Dumping A Thread to Find An Exception
Posted by William Diaz on August 3, 2011
Before any basic crash analysis, I always turn to the Windows Event view to find signs of problem. In the case here, the problem manifested itself as Outlook crashing when the user opened a particular Outlook form. Looking at the Windows Event Viewer, we see an application event for Outlook:
The faulting module is fm20.dll. To get an idea of what this dll is for I search for it and look at its properties:
This makes sense since we are loading an Outlook form.
Before capturing a dump, I usually will do a couple basic troubleshooting steps. I started Outlook in safe mode and opened the form. Outlook did not crash. So the problem seems to reside with one of the add-ins that were disabled by safe mode. We have several add-ins for Outlook. These can be disabled from Outlook directly one by one until the issue disappears*. This can become a bit tiresome–disable an addin, start Outlook, open the form, crash Outlook, lather, rinse, repeat.
Instead, I decided to get a dump of Outlook as it crashed. Since this was a user’s workstation, I installed Microsoft Debug Diagnostics and created a rule to create a dump when Outlook crashed. Afterwards, I copied the .dmp file to my desktop and opened with WinDbg from the Windows Debugging Tools.
The !analyze –v command confirmed the event I saw in the Windows Event Viewer above:
We already confirmed by opening Outlook in safe mode that it was not a problem with the module. We are most likely looking for some 3rd party component but the stack text reveals nothing other than Windows and Office out-of-the-box components.
If !analyze –v heuristics fails to reveal anything interesting, I normally start by going off and looking for an exception, literally. A good way to start when you do not have an advanced or expert grasp of WinDbg (like me) is to go to the View menu and open the Processes and Threads and Call Stack windows and start going through each thread until you find an exception, which could be in the form of RaiseException or UnhandledException; Error and Fault are other key words to look for as is MessageBox if you happen to encounter a message from the crashing process. I lay both these windows side by side and start by selecting each thread and looking for the term in the adjacent window, like in the image below.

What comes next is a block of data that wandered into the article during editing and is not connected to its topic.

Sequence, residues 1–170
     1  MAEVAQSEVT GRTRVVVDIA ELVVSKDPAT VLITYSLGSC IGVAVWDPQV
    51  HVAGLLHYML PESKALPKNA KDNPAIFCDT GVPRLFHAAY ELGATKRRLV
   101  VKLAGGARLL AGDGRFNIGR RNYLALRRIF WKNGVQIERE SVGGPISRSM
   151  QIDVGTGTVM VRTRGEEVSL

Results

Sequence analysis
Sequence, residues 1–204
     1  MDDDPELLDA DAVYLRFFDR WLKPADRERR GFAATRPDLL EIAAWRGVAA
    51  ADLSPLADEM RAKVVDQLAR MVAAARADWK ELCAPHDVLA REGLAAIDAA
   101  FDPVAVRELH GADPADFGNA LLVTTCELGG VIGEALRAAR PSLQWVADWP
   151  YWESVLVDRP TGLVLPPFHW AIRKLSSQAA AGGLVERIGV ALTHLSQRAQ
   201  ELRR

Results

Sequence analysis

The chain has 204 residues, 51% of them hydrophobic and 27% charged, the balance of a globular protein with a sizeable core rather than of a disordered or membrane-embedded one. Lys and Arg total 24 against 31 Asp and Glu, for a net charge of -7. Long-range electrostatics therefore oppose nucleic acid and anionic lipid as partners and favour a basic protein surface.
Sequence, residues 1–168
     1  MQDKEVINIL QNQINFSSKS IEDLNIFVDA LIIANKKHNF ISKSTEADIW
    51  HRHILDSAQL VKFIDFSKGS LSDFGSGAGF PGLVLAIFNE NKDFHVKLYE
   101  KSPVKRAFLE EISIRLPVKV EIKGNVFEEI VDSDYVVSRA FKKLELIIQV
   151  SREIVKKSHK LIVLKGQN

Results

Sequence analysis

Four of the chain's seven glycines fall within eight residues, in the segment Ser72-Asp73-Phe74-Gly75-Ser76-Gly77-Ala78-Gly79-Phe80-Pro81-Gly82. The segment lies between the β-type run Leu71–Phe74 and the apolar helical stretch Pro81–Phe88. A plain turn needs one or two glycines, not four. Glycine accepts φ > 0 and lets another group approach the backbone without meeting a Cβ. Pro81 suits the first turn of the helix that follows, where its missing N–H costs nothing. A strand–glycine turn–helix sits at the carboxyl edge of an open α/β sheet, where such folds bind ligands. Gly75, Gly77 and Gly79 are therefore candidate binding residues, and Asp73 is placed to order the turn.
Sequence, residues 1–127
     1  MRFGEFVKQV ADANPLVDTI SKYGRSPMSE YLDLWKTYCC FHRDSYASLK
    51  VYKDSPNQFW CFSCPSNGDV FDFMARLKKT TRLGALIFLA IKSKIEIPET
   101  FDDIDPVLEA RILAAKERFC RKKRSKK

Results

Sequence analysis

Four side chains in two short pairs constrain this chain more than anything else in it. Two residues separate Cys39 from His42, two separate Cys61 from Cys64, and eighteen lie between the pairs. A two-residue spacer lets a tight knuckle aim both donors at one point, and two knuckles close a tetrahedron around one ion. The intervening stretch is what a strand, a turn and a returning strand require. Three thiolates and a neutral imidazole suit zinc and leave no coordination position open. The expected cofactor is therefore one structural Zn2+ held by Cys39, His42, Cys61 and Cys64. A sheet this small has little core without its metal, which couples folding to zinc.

But just looking at the stacks in each thread did not turn up anything. I would need to dig deeper. I am assuming that the current examine thread, thread 0, is where the problem arises so I want to examine the block of memory addresses in this thread (to change to a different thread, use ~0s, where 0 is the number of the thread you want to look at). I use the !teb command (thread environment block) to expose the starting and ending memory address range of this thread:
I want to look inside the memory address range above. To do this, I use the dds command plus the starting and ending address range, i.e. dds 00135000 00140000, to dump the thread. The output is rather long so I will need to search going up for our exception using Ctrl+F:
At this point, I use dds again to look into the address space of KiUserRaiseExceptionDispatcher, 7c90e4a5, to obtain a clue to the Outlook’s form woes:
If you are not sure what the module is, use the lmvm modulename to look at its properties:
To test this finding, I went into Outlook and disabled the extension in Outlook for the document management system this module is associated with, opened the problem Outlook form and the crashes no longer occurred. From here, the next logical approach would be to uninstall the add-in and re-install.
Annoyingly, the issue remained even after reinstalling. I am not sure, but this may have been caused by the add-in views in Outlook. The removal and install process was likely not overwriting some of these user specific files or registry settings that are created by the user as they modify certain views within the add-in in Outlook. The actual solution was to open the form outside of Outlook, modify the view by resizing or going full screen, and closing to save that view setting.
The important thing gained was that, even with a minimal understanding of WinDbg, I was able to find an exception by dumping the suspect thread. From start to end, including installing Debug Diagnostics on the user workstation, it took less than 10 minutes to isolate the potential cause.
*Other add-ins need to be disabled by modifying the load behavior in registry, usually from HKLM or HKCU\Software\Microsoft\Office\Outlook\Addins, otherwise their load behavior negates running Outlook in true safe mode.